Chapter XVIII
 

Jeremy realized that his life would be in danger if Daggs saw him coming on deck after what had just happened. He lay still, therefore, in spite of his desire to tell Bob what he had seen. The rest of the afternoon his imagination painted pictures of ironbound chests half-buried in the yellow beach sand of some lonely island far down in the tropics; gloomy caves beneath mysteriously waving palm trees--caves whose black depths shot forth a ruddy gleam of gold coin, when a chance ray of light came through the shade; of shattered hulks that lay ten fathoms down in the clear green water of some still lagoon, where pure white coral beds gave back the sleeping sunshine, and fishes of all bright colors he had ever seen or dreamed about swam through the ancient ports to stare goggle-eyed at heaps of glistening gems.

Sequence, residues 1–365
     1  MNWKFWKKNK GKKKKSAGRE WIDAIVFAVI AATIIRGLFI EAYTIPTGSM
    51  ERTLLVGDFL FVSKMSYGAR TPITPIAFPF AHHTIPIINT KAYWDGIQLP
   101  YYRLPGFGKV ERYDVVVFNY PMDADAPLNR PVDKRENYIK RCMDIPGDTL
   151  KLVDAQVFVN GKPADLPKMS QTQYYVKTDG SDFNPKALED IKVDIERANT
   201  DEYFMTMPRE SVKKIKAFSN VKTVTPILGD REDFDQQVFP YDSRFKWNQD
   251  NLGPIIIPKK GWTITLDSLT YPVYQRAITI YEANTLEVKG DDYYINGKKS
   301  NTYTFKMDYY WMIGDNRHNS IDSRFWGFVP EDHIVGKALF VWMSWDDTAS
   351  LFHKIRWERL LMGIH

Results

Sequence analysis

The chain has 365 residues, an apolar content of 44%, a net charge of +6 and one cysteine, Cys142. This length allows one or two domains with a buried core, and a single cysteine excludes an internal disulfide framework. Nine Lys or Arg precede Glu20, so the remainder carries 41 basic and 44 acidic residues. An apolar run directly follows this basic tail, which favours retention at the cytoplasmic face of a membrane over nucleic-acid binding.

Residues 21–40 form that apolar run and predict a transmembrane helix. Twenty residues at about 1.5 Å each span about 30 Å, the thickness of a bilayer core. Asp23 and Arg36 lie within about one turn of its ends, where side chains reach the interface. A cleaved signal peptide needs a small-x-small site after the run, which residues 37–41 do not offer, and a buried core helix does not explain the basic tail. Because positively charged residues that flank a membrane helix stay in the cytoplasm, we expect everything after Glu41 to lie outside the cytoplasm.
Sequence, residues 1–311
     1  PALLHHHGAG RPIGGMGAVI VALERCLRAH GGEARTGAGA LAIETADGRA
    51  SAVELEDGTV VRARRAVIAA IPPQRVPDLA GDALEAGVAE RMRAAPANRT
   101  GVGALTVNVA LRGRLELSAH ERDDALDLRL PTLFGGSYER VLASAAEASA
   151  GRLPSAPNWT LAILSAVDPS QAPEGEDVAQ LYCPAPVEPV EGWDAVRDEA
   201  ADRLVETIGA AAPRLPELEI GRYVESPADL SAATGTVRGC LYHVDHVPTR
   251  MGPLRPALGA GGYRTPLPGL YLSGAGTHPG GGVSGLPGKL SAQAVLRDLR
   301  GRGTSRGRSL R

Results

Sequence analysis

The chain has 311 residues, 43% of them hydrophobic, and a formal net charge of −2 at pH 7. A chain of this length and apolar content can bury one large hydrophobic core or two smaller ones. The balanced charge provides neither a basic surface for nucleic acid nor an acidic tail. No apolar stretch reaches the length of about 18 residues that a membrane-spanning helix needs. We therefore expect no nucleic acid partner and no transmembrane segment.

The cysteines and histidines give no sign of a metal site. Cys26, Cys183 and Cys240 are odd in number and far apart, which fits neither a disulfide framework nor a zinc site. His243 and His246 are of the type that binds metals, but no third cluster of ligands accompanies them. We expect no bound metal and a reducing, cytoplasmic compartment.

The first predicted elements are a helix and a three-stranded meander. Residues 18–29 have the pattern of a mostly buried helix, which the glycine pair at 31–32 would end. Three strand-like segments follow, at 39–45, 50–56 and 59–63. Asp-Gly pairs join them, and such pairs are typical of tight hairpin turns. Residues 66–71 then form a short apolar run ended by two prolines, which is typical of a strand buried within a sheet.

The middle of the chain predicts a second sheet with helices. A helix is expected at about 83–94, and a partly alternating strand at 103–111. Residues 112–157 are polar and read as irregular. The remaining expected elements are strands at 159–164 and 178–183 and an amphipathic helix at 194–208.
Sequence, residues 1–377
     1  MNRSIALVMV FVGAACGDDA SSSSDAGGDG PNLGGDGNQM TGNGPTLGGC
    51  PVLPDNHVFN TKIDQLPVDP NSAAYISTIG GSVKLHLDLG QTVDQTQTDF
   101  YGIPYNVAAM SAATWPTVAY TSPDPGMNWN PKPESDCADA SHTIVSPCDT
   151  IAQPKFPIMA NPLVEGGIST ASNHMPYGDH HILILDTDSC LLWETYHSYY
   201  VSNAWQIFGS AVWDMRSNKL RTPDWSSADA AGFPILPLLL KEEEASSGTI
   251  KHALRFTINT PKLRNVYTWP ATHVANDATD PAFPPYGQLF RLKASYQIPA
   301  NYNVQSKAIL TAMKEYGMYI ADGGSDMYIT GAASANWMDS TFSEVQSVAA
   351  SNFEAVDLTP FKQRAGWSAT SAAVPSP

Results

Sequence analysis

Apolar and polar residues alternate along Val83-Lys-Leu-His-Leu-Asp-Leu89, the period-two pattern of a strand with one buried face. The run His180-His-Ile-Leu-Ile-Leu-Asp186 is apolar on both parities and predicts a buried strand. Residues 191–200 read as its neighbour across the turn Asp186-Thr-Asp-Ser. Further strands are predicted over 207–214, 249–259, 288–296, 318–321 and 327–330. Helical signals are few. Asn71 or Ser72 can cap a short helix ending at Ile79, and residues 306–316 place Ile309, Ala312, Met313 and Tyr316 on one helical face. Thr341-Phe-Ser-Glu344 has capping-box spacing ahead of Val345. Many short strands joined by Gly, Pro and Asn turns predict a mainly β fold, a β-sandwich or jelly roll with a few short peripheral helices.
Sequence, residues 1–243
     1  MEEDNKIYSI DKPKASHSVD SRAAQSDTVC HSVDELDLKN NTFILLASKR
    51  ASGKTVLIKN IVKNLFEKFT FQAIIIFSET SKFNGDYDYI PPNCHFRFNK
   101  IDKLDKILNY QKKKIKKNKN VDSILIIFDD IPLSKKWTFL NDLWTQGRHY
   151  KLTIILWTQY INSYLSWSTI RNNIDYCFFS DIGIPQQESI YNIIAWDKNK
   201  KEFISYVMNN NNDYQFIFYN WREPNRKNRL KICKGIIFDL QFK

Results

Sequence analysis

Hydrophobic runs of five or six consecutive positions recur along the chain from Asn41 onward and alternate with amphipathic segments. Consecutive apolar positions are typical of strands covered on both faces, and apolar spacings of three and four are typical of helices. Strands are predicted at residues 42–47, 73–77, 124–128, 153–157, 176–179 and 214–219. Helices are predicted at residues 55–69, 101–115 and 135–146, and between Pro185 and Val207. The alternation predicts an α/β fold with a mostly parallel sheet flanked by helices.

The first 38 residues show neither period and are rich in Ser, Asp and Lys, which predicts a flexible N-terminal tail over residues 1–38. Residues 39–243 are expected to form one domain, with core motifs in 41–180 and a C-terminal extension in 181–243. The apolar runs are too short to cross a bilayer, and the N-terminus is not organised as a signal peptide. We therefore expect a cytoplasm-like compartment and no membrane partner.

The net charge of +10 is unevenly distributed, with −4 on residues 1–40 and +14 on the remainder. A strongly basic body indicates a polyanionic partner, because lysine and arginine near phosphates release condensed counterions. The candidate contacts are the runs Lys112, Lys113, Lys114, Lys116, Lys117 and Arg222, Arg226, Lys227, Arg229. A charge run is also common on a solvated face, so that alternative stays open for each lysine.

At last he must have slept, for Bob's voice in his ear brought him back to the dingy fo'c's'le of the Royal James with a start. The lantern was lit and most of the port watch were snoring heavily in their bunks after a hard day's work. Bob took off his shoes and trousers and climbed into the narrow berth beside his friend, who was now wide awake. "Listen, Bob," whispered the New England boy as soon as they were settled, "do you remember the things Daggs has said, off and on, about old Sol Brig--how there was always a lot of gold that the men before the mast never saw and how he must have saved it till he was the richest of all the pirates? Well, who would know what became of that money, if anybody did? Daggs, of course, the only man that's left of Brig's crew! I think Daggs knows, and what's more, I believe I saw the very chart that shows where it is." He went on to tell all he had seen that afternoon. Bob was as excited as he when he had finished. "We must try to get hold of that map or else get a sight of it!" he exclaimed. Jeremy was doubtful of the possibility of this. "You see," he said, "the key is on a string 'round his neck. The only way would be to break the chest open. It's big and heavy and we should raise the whole ship with the racket. Then, besides, I don't like to steal the thing, even though he is a pirate." Bob also felt that it would hardly be honest to break into a man's box, no matter what his character might be. "If we should just happen to see the chart, though," he finally explained, "why, we have just as much right to hunt for the treasure as he has, or any one else." Jeremy agreed to this solution of a knotty problem of honor and both boys decided that for the present they had no course in the matter but to wait for some accident to put the paper in their way. However, not to let any opportunities slip, they resolved to watch Pharaoh Daggs constantly while he was awake, in the hope of getting a second glimpse of the treasured document.